How To Sleep Your Way To Being Stress Free
I just thought you should know.
Do you know what one of the most effective ways to de-stress is? I’ll let you in on a little secret - It’s sleeping. Yes, of course exercise is great it helps get your body moving and meditation is a wonderful tool, because it helps get your mind in sync. But the best thing you can do to regularly stress less is to get a good night’s worth of sleep.
Think about it; you already know this is true. How much harder does life in general feel after a night when you’re up with the kids or working until the crack of dawn to finish an important project?
You’re grumpy, it’s hard to focus, and every little problem suddenly feels insurmountable. On those days, you feel a lot more stressed throughout the day and it only gets progressively worse if you end up not sleeping well for several days in a row.
Now here’s the interesting part. Many of us don't get the optimal amount of sleep at night, and even when we do, our sleep quality often isn’t great. Many of us struggle with falling asleep and too often our sleep is disrupted throughout the night, even if we don’t fully wake up.
Studies have shown that a lack of proper sleep can affect every aspect of your life. According to NIH, poor sleep can lead to:
Impaired Decision Making
High Blood Pressure
Lower Immune System
Difficulty Controlling Emotions
And Kidney Disease among other things.
While having a good night’s sleep can help with:
Improved Immune System Functioning
With all that being said, thankfully there are quite a few things you can do to improve both the quantity and quality of your sleep. Now, before you tell yourself that you don’t have the time for more sleep, it’s important that you realize that not focusing on sleep now will cause you to be less focused and productive later on.
In the long run, you’ll actually get more done by investing time into a good-night sleep. It’s one way of managing your stress before your stress manages you.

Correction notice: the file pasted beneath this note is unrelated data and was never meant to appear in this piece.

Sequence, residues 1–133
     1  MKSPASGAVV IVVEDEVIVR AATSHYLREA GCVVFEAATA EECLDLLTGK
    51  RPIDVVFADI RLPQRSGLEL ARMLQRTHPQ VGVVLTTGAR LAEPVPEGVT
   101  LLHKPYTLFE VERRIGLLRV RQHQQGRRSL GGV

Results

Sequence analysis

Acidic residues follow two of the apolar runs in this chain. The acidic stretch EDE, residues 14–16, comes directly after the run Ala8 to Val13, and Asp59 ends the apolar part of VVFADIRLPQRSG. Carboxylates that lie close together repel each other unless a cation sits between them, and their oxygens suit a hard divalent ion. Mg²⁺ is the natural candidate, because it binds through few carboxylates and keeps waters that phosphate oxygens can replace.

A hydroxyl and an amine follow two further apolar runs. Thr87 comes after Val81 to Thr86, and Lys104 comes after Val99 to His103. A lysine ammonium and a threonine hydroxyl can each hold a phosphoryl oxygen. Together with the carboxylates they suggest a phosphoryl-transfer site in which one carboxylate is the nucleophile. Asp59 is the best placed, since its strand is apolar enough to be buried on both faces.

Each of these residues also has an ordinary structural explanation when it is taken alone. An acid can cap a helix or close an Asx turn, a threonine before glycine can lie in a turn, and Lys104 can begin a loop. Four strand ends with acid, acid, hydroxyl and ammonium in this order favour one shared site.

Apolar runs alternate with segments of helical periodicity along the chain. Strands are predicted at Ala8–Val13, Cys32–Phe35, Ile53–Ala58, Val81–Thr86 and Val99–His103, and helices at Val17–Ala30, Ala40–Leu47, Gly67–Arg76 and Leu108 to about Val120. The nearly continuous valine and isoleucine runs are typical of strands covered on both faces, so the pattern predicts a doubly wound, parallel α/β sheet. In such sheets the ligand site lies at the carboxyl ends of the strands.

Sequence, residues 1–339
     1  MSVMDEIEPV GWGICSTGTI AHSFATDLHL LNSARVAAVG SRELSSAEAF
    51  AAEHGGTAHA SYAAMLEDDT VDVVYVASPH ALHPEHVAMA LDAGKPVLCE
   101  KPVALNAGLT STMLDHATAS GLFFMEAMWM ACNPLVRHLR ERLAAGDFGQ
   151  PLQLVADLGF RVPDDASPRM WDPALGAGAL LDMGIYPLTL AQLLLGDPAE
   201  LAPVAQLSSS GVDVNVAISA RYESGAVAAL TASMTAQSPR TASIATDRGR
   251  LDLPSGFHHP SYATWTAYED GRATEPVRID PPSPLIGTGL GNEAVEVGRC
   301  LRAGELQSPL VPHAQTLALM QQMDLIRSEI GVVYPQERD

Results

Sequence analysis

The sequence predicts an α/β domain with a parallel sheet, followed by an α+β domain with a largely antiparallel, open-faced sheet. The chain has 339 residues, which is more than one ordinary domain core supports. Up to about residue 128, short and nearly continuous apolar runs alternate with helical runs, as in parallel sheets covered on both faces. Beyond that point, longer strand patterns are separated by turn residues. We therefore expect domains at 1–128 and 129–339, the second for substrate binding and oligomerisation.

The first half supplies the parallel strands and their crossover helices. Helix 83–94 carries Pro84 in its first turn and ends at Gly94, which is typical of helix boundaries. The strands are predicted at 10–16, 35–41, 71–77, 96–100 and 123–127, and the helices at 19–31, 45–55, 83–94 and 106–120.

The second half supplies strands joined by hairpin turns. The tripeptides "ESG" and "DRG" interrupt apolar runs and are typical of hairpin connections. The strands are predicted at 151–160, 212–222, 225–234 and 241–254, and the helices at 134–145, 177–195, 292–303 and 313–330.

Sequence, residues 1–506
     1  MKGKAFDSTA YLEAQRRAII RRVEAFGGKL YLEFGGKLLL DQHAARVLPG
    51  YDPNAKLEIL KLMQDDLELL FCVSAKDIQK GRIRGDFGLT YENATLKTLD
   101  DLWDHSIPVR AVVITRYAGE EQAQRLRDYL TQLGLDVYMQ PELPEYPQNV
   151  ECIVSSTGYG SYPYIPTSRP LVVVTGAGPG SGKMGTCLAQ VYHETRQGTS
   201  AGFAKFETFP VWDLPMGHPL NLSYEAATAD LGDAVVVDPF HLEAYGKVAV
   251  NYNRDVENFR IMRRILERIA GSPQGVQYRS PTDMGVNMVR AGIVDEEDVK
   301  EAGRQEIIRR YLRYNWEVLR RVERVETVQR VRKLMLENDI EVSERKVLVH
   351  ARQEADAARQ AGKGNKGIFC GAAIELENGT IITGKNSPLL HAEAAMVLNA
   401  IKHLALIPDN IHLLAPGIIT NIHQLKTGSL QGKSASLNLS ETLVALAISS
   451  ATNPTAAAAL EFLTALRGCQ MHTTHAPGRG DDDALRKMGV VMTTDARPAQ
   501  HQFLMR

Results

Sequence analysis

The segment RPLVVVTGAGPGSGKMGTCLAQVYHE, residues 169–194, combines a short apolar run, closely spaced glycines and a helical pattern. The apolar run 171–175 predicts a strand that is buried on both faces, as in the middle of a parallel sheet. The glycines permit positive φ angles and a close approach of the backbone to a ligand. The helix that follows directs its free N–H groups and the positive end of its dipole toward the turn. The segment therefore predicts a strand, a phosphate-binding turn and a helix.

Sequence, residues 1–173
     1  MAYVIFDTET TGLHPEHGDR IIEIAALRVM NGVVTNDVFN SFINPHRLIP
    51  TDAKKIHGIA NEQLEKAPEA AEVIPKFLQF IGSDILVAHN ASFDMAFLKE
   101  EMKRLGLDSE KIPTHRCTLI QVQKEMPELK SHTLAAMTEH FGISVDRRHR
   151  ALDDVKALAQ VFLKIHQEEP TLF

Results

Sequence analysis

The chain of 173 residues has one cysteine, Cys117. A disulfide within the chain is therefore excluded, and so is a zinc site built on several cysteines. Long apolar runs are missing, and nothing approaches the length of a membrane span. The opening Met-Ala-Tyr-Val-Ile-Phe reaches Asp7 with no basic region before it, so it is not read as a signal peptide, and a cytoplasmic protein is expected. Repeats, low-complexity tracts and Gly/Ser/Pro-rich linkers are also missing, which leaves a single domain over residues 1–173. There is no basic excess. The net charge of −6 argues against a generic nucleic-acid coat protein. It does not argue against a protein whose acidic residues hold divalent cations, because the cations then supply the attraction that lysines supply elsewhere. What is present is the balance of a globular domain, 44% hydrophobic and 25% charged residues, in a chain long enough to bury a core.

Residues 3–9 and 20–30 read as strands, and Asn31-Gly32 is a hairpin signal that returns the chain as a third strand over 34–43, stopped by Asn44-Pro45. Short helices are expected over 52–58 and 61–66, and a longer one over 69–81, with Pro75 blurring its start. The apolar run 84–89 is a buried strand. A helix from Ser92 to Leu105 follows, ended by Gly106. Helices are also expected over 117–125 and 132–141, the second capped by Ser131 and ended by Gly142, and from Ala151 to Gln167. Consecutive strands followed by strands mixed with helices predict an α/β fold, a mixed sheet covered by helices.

Below are three easy things that you can do to work on improving your ability to sleep and there by manage your stress. Besides the tactics listed below, consider using a sleep diary such as the one on NIH’s website to monitor the quality and quantity of your sleep each day.
Good Sleep Hygiene - Otherwise Known As Good Sleep Habits
Everyone has to start somewhere and one of the easiest ways to improve your sleep is to establish a bedtime or evening routine. Start by going to bed at the same time every night, even on the weekends. It helps your body get into a rhythm that makes falling asleep and staying asleep easier.
You can also create relaxing rituals as part of your nightly routine. Take an aromatherapy bath or warm shower; read (not on an electronic device) for 20 minutes to an hour before turning in for the night; journal about the things that you’re grateful for or journal about your life in general; write out your to-do list for the next day; or listen to music; whatever activity you enjoy that’s relaxing and rejuvenating.
Cut the distractions from your bedroom. That means leaving your phone in the living room. If you need an alarm, consider buying an alarm clock. Why? You don’t want those alerts and notifications to keep you from getting into those all-important deep rem sleep zones.
Here’s an experiment to try. Turn off the lights and take a good look around your bedroom. Are there any small indicator or blinking lights? Try to remove them or turn them around if possible.
Listen for any sounds from your electronics. Maybe you can unplug them while you sleep. Or consider having a white noise machine to help those sounds move into the background so that you can sleep. It’s important to make your bedroom an oasis of quiet so that you can get your rest.
Ban The Blue Light
Finally, try to keep track of your screen time at night. Our eyes and the way they process light, including the light waves from our screens has a big impact on the body’s alertness.
Many of us (myself included) have developed a habit of looking at our phones at night while in bed instead of trying to go to sleep. Biologically this is the equivalent of watching the sunrise. It’s important to stop telling your body it’s time to get up when in reality; you’re trying to go to sleep.
Instead, focus on calming activities. Reduce screen time for a few hours before bed; consider investing glasses that filter blue light or install an app that changes your display at night.
So there you have it. Three easy ways to help you increase your sleep so that you stress less. It’s all about making time.
Let’s talk, what’s the one thing that you’re gonna do tonight to increase your sleep hygiene? Let me know in the comments section.
Cassandra Martin-Himmons is a trainer, wellness coach and consultant who believes in empowering her clients and providing the tools that they need to make positive changes in their lives to manage their stress and increase their self-care. In her spare time, she enjoys papercrafting, volunteering and travel. Connect with her on Instagram or Linked/In